aNewDomain.net — Bullet point number five. On March 13, 2013, Google posted a blog entry entitled “A Second Spring of Cleaning,” which was a list of services the search giant planned to either close or depreciate. Buried in the post, just after announcing the end of Google Cloud Connect and before revealing the end of support for Google Voice App for Blackberry, was bullet point number five:
We launched Google Reader in 2005 in an effort to make it easy for people to discover and keep tabs on their favorite websites. While the product has a loyal following, over the years usage has declined. So, on July 1, 2013, we will retire Google Reader.”
And with that, the Technorati flipped out. The tech blogs and news sites lit up with anger, frustration and sadness. Within hours, with the story dominating Techmeme, Feedly took to its own blog and said, essentially, we got this:
Google announced today that they will be shutting down Google Reader. This is something we have been expecting for some time: We have been working on a project called Normandy which is a Feedly clone of the Google Reader API – running on Google App Engine. When Google Reader shuts down, Feedly will seamlessly transition to the Normandy back end. So if you are a Google Reader user and using Feedly, you are covered: the transition will be seamless.”
The post included instructions on how to import your feeds from Google and instructions on how to create a workflow similar to Google Reader.
Before the end of the next day, Feedly was adding servers.
Image credit: Feedly
By the time Google announced the Readerpocalypse, Feedly was already a well-established RSS client. It delivered its client via browser plug-ins for Chrome, Firefox and Safari; as well as well-polished apps for Android and Apple iOS. “We’re obviously pleased that many of Reader’s users have chosen Feedly,” said the company’s CEO and co-founder, Edwin Khodabakchian. “But we’re also gratified to see the retention rates from our newest users.”
The day after Google’s announcement another player threw its hat in the RSS-client ring: news aggregator Digg. The team revealed plans to focus all its resources to shipping a workable RSS client before Google Reader shut down; less than four months away.
On March 15, two days after the spring cleaning blog post, Feedly was the number one news reading client in Apple’s App Store and on Google Play.
While other clients such as NetVibes and NewsBlur were getting some attention, most of the press coverage focused on Feedly and Digg. And it showed. Feedly added half a million users immediately and kept growing from there, while Digg saw nearly 10,000 Google Reader users provide input into what the Digg client should look like.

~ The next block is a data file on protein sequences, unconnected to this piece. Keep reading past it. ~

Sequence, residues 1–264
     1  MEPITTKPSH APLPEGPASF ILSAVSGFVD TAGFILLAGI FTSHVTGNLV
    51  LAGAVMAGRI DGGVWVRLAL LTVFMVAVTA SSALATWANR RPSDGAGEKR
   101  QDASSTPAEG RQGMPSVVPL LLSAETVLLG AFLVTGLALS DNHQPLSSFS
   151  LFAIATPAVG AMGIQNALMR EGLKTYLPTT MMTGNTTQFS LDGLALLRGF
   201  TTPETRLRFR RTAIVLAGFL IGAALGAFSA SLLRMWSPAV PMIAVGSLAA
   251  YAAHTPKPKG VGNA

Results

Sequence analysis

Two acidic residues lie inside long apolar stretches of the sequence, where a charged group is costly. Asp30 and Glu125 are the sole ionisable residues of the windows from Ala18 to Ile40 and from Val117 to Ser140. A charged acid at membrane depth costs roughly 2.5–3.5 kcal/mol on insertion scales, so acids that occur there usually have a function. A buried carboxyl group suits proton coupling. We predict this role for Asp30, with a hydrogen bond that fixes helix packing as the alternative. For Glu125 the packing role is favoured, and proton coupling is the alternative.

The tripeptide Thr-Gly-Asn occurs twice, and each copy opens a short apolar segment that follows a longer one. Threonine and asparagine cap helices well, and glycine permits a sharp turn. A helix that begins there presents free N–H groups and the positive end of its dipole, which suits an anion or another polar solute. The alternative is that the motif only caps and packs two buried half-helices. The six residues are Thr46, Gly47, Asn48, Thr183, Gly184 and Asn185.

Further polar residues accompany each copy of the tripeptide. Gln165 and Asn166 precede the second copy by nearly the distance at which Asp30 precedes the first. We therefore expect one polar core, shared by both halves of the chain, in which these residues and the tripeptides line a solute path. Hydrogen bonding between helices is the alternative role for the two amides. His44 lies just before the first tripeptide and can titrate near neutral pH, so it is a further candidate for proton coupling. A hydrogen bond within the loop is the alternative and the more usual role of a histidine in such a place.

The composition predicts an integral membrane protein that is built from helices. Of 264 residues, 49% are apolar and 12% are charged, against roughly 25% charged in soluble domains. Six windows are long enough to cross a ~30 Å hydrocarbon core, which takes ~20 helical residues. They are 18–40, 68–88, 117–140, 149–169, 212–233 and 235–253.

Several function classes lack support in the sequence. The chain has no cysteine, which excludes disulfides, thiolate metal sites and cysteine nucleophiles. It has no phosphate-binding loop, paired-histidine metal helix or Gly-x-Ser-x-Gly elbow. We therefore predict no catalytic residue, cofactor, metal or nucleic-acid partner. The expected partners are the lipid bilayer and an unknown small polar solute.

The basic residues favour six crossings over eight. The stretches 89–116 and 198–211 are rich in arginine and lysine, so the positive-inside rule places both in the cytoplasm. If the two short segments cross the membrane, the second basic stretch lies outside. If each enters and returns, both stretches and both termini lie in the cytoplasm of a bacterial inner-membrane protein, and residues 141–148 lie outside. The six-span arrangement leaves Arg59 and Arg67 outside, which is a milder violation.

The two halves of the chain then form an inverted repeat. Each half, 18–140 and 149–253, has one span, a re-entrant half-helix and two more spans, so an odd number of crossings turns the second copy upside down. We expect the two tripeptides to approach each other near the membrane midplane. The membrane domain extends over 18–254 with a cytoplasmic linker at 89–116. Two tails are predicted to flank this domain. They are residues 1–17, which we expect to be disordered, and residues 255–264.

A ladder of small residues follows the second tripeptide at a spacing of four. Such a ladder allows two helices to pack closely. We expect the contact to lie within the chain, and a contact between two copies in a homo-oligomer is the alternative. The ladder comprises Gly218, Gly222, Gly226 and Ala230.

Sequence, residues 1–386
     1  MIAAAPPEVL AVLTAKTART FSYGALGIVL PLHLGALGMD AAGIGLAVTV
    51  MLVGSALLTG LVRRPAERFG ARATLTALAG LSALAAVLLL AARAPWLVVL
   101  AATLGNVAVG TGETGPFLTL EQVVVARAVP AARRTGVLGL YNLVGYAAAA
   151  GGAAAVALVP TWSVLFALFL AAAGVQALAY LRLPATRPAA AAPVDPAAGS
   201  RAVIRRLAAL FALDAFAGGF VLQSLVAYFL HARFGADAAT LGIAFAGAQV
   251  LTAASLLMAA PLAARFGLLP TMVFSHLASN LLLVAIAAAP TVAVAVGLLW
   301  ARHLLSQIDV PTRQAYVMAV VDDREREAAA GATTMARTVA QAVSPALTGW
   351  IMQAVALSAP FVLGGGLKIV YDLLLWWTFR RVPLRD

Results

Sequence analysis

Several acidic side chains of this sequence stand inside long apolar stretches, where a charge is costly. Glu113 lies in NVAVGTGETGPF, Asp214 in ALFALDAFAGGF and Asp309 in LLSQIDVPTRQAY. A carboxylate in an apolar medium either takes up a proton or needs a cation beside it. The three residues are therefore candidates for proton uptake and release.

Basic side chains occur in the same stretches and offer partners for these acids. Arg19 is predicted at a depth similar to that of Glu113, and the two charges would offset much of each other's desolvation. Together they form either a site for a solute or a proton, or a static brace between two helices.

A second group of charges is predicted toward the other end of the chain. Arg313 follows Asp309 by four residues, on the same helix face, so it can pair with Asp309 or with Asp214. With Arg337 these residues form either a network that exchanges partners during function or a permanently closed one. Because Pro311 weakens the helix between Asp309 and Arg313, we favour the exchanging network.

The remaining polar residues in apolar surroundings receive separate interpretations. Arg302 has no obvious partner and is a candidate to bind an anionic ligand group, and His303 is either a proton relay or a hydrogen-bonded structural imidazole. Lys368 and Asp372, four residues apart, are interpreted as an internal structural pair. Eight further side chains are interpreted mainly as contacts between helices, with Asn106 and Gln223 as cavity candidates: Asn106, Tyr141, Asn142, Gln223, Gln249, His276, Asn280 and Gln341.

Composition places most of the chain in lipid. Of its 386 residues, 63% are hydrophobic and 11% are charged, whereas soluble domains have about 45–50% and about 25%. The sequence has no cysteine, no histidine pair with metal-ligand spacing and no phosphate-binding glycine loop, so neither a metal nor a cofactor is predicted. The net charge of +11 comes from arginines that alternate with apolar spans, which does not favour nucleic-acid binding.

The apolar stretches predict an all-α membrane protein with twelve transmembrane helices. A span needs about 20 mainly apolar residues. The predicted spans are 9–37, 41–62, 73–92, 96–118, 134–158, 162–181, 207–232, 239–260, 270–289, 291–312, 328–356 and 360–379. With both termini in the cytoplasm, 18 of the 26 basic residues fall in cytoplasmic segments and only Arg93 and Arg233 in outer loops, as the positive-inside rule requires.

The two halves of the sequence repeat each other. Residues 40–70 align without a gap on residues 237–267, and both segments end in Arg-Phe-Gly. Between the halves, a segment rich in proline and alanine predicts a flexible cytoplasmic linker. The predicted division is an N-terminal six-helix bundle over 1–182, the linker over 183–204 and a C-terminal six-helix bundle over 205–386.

Yet both faced very different challenges. The Digg team was essentially starting from scratch, needing to build both the client and the back end to support the client, as well as mobile apps. Feedly already had the apps and client in place. Feedly’s biggest challenge was on the back end: complete the move from Google Reader’s back end and API, to its own cloud service. The transition went smoothly, according to Khodabakchian. “The combination of servers, coffee and more servers did the trick.”
As March gave way to April and then May and June, Digg fell mostly silent, understandable given the monumental task of shipping a product in less than 90 days. Feedly, on the other hand, continued to ship updates that improved its speed and usability, including a major revision of its mobile apps.
On the week of June 17, with the shuttering of Google Reader looming, both teams had major announcements. Digg was ready to start inviting users to test the first version of its reader, and would roll it out to all users by June 26. Feedly’s announcement couldn’t be more different. Its back end was stable, complete and ready for all. Its API was running and being used by a number of partners including IFTTT, gReader, and Newsify. It has several million active users.
Image credit: Feedly
On June 21, The Verge posted a hands-on of Digg Reader. In short, after just three months of development, the service, very much still in beta, is what you would expect: it has potential, but is basic and buggy. While the service looks promising and has a proven team behind it, a commenter on the article highlighted the problem Digg Reader and others face:
Looks solid, but Feedly’s clone of the reader API, and subsequent support from every major client that relied on Google Reader for a back end, won me over. Now that it doesn’t require a browser add-on, I don’t see what features this has that would draw me away.”
Therein lies the challenge that Digg, the recently announced reader from AOL, and lesser known clients face: Feedly already has the stability, speed and polish people are looking for. Perhaps most important, it has the attention of everyone, landing at or near the top of most of the recommended Google Reader replacements lists.
And once you try Feedly, it works and it works well. Once there, there isn’t much incentive to leave.